These rules altogether are the most important tools in counting, popularly known as "the
fundamental counting principle".
Fundamental counting principle :
Suppose that an operation O
1
can be done in m different ways and another operation O
2
can be done in n different ways.
(i) Addition rule : The number of ways in which we can do exactly one of the operations
O
1
, O
2
is m + n
(ii) Multiplication rule : The number of ways in which we can do both the operations
O
1
, O
2
is mn.
Note : The addition rule is true only when O
1
&O
2
are mutually exclusive and
multiplication rule is true only when O
1
&O
2
are independent (The reader will understand
the concepts of mutual exclusiveness and independence, in the due course)
Problem 1: There are 8 buses running from Kota to Jaipur and 10 buses running from
Jaipur to Delhi. In how many ways a person can travel from Kota to Delhi via Jaipur by
bus?
Solution : Let ?? 1
be the event of travelling from Kota to Jaipur &?? 2
be the event of
travelling from Jaipur to
Delhi by the person.
E
1
can happen in 8 ways and E
2
can happen in 10 ways
Since both the events ?? 1
and ?? 2
are to be happened in order, simultaneously, the number
of ways = 8 × 10 = 80.
Problem 2 : How many numbers between 10 and 10,000 can be formed by using the
digits 1, 2, 3, 4, 5 if
(i) No digit is repeated in any number.
(ii) Digits can be repeated.
Solution : (i) Number of two digit numbers = 5 × 4 = 20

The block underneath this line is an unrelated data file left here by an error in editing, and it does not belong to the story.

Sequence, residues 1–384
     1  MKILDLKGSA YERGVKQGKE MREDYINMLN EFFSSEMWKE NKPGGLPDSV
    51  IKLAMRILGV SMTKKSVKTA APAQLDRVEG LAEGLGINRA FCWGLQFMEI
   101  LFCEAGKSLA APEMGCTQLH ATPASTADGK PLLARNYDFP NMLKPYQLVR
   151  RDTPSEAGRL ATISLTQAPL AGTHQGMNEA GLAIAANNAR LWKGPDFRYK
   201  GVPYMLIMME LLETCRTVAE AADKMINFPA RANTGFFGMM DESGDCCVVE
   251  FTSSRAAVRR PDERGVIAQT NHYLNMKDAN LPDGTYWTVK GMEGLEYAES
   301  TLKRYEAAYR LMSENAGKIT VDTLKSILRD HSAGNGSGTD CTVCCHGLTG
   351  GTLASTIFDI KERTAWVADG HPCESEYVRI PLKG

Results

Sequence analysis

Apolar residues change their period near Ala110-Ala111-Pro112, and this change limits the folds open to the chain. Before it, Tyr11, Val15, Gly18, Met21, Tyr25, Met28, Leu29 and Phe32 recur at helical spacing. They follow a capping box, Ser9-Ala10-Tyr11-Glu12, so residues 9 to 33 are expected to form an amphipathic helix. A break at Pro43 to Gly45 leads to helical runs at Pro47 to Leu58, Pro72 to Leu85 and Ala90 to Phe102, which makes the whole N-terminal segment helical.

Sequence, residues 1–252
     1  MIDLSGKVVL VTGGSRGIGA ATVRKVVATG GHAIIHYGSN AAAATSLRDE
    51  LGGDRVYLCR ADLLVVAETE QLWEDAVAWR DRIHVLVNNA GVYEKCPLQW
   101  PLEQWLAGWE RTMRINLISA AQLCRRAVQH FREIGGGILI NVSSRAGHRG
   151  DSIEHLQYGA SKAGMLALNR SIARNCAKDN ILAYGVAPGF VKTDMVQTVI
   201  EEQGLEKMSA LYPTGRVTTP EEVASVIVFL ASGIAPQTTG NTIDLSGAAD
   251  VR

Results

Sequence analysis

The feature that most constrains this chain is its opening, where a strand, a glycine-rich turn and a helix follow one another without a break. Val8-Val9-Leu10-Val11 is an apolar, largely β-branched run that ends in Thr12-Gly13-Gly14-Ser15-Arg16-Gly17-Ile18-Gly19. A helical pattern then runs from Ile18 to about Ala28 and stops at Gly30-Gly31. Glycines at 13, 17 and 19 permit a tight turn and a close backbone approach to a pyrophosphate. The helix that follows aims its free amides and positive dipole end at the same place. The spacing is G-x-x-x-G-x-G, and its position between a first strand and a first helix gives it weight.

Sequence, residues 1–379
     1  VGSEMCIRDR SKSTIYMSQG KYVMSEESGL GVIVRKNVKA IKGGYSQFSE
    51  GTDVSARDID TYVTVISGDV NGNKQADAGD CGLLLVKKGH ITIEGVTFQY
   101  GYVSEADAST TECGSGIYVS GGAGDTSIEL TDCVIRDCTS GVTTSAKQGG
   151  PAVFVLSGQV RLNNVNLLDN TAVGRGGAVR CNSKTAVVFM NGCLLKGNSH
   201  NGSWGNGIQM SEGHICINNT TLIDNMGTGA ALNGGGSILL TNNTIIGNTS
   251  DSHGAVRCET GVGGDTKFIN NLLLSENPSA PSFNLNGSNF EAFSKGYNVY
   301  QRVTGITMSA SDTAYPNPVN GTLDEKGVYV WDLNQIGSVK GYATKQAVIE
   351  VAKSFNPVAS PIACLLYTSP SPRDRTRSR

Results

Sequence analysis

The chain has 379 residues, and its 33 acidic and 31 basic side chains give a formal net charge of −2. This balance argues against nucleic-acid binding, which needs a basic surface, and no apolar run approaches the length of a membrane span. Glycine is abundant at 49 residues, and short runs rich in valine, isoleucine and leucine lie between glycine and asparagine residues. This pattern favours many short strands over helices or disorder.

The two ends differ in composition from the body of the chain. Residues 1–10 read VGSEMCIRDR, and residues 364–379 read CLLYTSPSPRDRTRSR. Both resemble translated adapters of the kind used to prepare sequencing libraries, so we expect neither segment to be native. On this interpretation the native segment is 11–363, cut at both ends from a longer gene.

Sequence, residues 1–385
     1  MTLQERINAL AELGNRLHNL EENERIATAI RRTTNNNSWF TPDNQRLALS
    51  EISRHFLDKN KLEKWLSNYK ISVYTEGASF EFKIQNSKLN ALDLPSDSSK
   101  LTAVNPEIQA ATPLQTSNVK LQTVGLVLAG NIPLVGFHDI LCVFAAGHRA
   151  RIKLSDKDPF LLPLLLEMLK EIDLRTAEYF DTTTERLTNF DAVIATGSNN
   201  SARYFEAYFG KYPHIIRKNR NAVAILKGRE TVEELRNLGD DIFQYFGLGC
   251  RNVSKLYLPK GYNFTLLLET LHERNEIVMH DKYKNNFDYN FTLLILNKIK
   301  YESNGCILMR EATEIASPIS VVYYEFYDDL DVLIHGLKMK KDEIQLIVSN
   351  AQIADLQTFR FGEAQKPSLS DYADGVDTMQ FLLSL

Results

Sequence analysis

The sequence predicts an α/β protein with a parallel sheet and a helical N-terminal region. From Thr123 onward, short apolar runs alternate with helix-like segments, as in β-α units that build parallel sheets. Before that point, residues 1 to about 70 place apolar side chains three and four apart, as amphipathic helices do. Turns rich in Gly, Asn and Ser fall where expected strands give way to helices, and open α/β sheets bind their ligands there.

Number of three digit numbers = 5 × 4 × 3 = 60
Number of four digit numbers = 5 × 4 × 3 × 2 = 120
Total = 200
(ii) Number of two digit numbers = 5 × 5 = 25
Number of three digit numbers = 5 × 5 × 5 = 125
Number of four digit numbers = 5 × 5 × 5 × 5 = 625
Total = 775
Arrangements :
If n???? denotes the number of permutations (arrangements) of ?? different things, taking ??
at a time, then
PPr
?? = ?? (?? - 1)(?? - 2)… . . (?? - ?? + 1) =
?? !
(?? - ?? )!
NOTE : (i) Factorials of negative integers are not defined.
(ii) 0! = 1! = 1
(iii)
?? ?? ?? = ?? ! = ?? · (?? - 1)!
(iv) (2?? )! = 2
?? · ?? ! [1 · 3 · 5.7 … (2?? - 1)]
Problem 3 : How many three digit can be formed using the digits 1, 2, 3, 4, 5, without
repetition of digits? How many of these are even?
Solution : Three places are to be filled with 5 different objects.
? Number of ways =
5
?? 3
= 5 × 4 × 3 = 60
For the 2nd part, unit digit can be filled in two ways & the remaining two digits can be
filled in
4
P
2
ways.
? Number of even numbers = 2 ×
4
P
2
= 24.
Problem 4: If all the letters of the word 'QUEST' are arranged in all possible ways and
put in dictionary order, then find the rank of the given word.
Solution : Number of words beginning with E =
4
P
4
= 24
Number of words beginning with QE =
3
P
3
= 6
Number of words beginning with QS = 6
Number of words beginning withQT = 6.
Next word is 'QUEST'